At 7-5, the Tampa Bay Buccaneers would be in the NFC Playoffs — if they started today.
Since they don't, here's how the Tampa Bay Times' Bucs coverage team finished the sentence "The Bucs make the playoffs if ...."
A little help, please
Tom Jones, @tomwjones: They get help from an unlikely source: somebody on Atlanta's schedule.
The Bucs are tied with the Falcons, but Atlanta is in good shape in the tie-breakers if both teams finish with the same record. Unfortunately for Tampa Bay, the Falcons schedule isn't very touch down the stretch. The next two games are against the Rams and 49ers, teams with a combined record of 5-19. The other two games after that are against the Panthers and Saints, teams with a combined record of 9-15. So let's say Tampa Bay goes 3-1 in the final four. That means, the Bucs will need Atlanta to lose twice and it doesn't seem as if two losses are there. Maybe Tampa Bay's best hope is Atlanta will get upset this week at Los Angeles.
Rick Stroud, @NFLStroud: They win three of their next four games and don't suffer any significant injuries.
The receiving corps are depleted. Cecil Shorts is out and Adam Humphries is under concussion protocol. Keith Tandy is a pro and had a huge game filling in for Chris Conte. Other than that, the Bucs are the healthiest they've been at defensive line, running back and offensive line, where it really counts.
Overcome the wizardry of Drew Brees
Ernest Hooper, @hoop4you: The Bucs play the Saints twice and they need to win both with Dallas sandwiched in between. Detroit provided a blueprint on how to slow down the future Hall of Fame quarterback and its cadre of weapons last week. Tampa Bay would do well to replicate that effort and one of the keys will involve time of possession and keeping Brees off the field. You can't threw darts all over the field if you aren't on the field.
Keep up the complements
Thomas Bassinger, @tometrics: Each Bucs unit is feeding off the other right now. The offense is doing just enough and generally has avoided costly mistakes.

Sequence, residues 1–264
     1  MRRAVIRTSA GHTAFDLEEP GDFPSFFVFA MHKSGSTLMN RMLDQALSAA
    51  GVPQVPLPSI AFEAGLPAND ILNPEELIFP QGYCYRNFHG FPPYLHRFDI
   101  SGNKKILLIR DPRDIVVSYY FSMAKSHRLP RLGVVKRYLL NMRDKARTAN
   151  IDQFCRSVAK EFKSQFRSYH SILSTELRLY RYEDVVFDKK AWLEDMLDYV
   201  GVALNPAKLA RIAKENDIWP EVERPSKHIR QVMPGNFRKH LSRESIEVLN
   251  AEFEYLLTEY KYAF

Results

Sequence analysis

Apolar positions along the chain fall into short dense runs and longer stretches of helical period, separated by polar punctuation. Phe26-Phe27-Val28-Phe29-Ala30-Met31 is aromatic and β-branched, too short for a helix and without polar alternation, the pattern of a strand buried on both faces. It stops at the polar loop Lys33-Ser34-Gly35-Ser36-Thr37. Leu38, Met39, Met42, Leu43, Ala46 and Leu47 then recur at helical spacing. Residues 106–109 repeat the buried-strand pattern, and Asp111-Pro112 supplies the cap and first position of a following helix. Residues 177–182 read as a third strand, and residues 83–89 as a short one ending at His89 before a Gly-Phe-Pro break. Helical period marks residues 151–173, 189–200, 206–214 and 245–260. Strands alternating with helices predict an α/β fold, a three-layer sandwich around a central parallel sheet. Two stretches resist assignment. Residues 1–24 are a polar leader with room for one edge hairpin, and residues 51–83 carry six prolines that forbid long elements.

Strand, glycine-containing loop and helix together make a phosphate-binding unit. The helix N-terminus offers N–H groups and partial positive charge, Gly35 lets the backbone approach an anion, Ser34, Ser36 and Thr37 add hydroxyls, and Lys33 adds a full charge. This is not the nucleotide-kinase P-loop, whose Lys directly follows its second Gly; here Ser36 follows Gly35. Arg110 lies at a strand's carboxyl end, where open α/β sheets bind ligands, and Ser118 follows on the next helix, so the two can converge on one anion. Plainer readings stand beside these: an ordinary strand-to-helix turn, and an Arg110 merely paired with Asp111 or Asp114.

If the offense isn't scoring, it's at least advancing the ball far enough to give punter Bryan Anger a shot at pinning the opponent deep in its own territory. About half of his punts have landed inside the 20 (48.1 percent, to be exact, which ranks fifth).
The defense, in turn, has not had to protect short fields like it had earlier in the season. Opponents are having to execute more plays, and they're making more mistakes. The Bucs' 20 takeaways since Week 5 are the most in the NFL.
Sweep the Saints
Greg Auman, @gregauman: Drew Brees remains as consistently prolific a passer as there is in the NFL, but the Saints have lost with great offenses for years. This defense has been historically bad in past seasons, and the Bucs need to have enough healthy offensive pieces to take advantage of it -- even as they lose more receivers, they've never had this many talented backs in an offense that Dirk Koetter prides himself on being run-first.
So if you know you can score 30 points against New Orleans -- and you get them at home in Tampa first -- this is two games the Bucs can enter with confidence. The defense doesn't need to hold New Orleans to five points or 10, or likely even 17, as they have in recent wins. If the offense can just move the ball and avoid turnovers -- something teams do against New Orleans -- their defense just needs to step up to the challenge.
Beat Brees home and home
Martin Fennelly, @mjfennelly: Winning at the Cowboys on a Sunday night seems a reach, and it's hard to believe Cam Newton will even show up for the finale. So the road to 10-6 and the playoffs goes through Drew Brees, home and away.
I think it's tough to beat a division opponent twice in three weeks. Brees throws for three bills against the Bucs in his sleep. But the Lions just laid down the template in Sunday's win at New Orleans: Make Brees check down, limit his time of possession. Keep bringing pressure up the middle. It paid off in San Diego.
Beat the Saints twice and you're in.